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Talking about smoking cessation with pregnant women: Exploring midwives' accounts

02 January 2016
10 min read
Volume 24 · Issue 1

Abstract

The aim of the current study was to use interviews to explore midwives' experiences of talking to pregnant women about smoking cessation. Eight midwives based in one UK hospital took part in face-to-face semi-structured interviews. Thematic analysis revealed that midwives were aware of health risks associated with smoking, saw providing smoking cessation advice as part of their role, would value more support from GPs, and were clear that support and a woman-centred approach were key. Failure to refer women for support was related to cumbersome or misunderstood referral procedures rather than reluctance to refer.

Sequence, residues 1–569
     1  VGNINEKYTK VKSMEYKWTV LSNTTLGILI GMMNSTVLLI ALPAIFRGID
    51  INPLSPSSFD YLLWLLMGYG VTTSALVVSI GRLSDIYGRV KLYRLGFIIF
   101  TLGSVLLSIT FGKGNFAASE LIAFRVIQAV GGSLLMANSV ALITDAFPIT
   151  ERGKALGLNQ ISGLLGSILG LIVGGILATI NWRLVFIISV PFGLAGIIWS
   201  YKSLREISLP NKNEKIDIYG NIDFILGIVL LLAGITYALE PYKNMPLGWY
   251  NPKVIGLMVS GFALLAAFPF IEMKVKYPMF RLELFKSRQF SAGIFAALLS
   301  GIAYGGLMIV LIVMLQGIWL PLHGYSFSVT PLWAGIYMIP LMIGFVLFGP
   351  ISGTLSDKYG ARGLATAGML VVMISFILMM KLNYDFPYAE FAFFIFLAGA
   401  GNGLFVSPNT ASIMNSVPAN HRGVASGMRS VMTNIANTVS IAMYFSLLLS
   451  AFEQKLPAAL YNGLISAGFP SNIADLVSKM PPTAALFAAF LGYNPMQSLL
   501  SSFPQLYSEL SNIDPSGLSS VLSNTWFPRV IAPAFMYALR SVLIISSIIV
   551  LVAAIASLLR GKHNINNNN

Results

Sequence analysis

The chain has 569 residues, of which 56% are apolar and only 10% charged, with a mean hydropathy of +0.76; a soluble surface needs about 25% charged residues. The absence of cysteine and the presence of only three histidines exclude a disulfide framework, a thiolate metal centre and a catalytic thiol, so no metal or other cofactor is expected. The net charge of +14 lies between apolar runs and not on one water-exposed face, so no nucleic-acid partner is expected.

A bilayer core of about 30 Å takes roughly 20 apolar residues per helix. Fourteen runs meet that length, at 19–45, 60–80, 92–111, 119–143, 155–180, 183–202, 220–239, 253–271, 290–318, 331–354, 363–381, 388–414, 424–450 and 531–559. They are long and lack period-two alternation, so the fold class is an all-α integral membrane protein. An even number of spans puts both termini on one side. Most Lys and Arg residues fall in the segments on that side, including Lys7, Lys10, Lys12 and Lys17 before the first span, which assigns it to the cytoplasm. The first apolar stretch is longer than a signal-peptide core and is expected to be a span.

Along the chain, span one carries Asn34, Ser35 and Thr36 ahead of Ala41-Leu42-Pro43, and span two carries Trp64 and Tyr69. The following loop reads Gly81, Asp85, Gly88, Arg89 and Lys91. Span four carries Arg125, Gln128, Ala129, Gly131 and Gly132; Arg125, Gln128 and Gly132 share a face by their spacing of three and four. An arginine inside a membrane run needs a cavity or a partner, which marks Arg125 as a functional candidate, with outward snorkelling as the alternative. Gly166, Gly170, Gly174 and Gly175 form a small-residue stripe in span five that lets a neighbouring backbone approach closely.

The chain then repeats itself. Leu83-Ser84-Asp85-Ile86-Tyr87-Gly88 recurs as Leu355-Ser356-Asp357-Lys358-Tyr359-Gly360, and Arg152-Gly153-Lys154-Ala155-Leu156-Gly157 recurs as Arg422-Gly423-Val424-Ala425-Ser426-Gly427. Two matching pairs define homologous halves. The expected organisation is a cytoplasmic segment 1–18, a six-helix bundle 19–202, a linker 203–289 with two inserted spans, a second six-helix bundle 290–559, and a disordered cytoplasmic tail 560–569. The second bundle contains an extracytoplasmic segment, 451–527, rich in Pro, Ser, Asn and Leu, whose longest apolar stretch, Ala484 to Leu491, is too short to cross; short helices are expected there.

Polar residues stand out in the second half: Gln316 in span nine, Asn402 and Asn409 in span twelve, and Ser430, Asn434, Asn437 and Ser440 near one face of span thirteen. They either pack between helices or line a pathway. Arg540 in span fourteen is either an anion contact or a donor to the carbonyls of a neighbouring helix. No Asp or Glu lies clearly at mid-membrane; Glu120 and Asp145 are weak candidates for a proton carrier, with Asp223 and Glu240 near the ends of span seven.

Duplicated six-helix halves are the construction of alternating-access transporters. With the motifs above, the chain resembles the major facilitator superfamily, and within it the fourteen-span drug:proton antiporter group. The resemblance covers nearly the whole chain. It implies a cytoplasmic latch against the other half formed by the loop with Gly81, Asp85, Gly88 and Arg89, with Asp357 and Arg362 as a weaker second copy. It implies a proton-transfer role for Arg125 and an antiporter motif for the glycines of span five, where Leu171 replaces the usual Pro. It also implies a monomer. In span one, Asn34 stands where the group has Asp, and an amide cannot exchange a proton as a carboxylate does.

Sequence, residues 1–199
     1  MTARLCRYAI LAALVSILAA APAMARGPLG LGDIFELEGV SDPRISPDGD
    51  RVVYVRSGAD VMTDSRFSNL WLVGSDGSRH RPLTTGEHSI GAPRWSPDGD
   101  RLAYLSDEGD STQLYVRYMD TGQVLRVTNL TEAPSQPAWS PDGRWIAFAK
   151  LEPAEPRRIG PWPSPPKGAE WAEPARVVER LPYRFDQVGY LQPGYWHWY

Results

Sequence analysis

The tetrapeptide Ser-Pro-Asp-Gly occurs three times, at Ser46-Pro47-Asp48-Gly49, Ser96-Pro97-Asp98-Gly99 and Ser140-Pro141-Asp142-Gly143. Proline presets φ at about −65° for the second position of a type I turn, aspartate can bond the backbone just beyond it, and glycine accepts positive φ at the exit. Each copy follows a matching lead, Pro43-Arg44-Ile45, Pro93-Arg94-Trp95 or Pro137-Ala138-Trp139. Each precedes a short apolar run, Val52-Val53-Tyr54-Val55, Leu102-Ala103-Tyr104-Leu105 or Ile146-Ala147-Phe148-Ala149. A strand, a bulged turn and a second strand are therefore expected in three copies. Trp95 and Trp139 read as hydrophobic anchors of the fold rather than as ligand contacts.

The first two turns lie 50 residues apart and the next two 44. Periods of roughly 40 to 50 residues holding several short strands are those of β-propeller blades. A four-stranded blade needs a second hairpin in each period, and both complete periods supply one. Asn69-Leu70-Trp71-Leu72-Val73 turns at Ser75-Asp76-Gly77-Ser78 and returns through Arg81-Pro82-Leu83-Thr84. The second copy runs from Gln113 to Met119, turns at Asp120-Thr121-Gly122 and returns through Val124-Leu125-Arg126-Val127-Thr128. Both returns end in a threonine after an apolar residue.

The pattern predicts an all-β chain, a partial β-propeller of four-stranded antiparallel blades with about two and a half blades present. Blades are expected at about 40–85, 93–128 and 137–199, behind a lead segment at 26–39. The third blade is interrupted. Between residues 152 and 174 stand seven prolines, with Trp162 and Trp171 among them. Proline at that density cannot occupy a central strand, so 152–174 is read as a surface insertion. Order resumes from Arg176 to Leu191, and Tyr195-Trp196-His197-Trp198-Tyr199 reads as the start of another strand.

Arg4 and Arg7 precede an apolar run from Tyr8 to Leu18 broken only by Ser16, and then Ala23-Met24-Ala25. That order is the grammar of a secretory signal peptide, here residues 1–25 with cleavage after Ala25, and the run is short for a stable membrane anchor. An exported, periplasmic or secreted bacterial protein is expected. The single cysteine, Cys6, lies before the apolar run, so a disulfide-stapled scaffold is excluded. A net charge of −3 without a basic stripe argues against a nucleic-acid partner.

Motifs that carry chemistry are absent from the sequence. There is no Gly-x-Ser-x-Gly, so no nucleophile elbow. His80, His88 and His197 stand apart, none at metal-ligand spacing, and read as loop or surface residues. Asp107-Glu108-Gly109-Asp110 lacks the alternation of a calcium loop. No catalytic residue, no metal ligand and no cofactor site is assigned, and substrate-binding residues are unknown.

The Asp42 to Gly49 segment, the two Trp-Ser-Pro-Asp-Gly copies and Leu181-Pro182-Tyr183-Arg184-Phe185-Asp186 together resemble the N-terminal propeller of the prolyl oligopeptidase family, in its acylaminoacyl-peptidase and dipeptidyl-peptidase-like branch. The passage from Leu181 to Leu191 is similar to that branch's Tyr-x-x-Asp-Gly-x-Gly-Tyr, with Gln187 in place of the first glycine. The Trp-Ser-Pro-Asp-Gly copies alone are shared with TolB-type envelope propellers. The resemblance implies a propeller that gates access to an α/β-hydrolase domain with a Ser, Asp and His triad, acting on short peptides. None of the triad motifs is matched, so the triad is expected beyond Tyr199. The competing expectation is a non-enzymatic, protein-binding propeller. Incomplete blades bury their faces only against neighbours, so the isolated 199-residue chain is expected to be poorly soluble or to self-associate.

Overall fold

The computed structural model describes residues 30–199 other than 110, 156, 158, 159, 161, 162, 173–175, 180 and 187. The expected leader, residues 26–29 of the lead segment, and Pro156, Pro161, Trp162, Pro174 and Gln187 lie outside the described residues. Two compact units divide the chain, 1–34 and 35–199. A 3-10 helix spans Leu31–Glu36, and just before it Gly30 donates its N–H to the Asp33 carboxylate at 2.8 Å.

It is estimated that 11% of women in the UK smoke during pregnancy (Office for National Statistics, 2014). Smoking is recognised as a significant predictor for adverse outcomes in pregnancy, increased risk of intrauterine growth restriction and premature birth (Royal College of Physicians, 2010; Centers for Disease Control and Prevention, 2014).

In the UK, National Institute for Health and Care Excellence (NICE) guidelines recommend that all pregnant women are advised to stop smoking and referred for stop-smoking support (NICE, 2008; 2010; 2013). However, midwives vary in their level of adherence to clinical guidelines for helping pregnant smokers to quit (Abatemarco et al, 2007) and may be unwilling to address smoking cessation with women in antenatal visits, possibly believing that their relationship with a woman could suffer if they did so (Randall, 2009).

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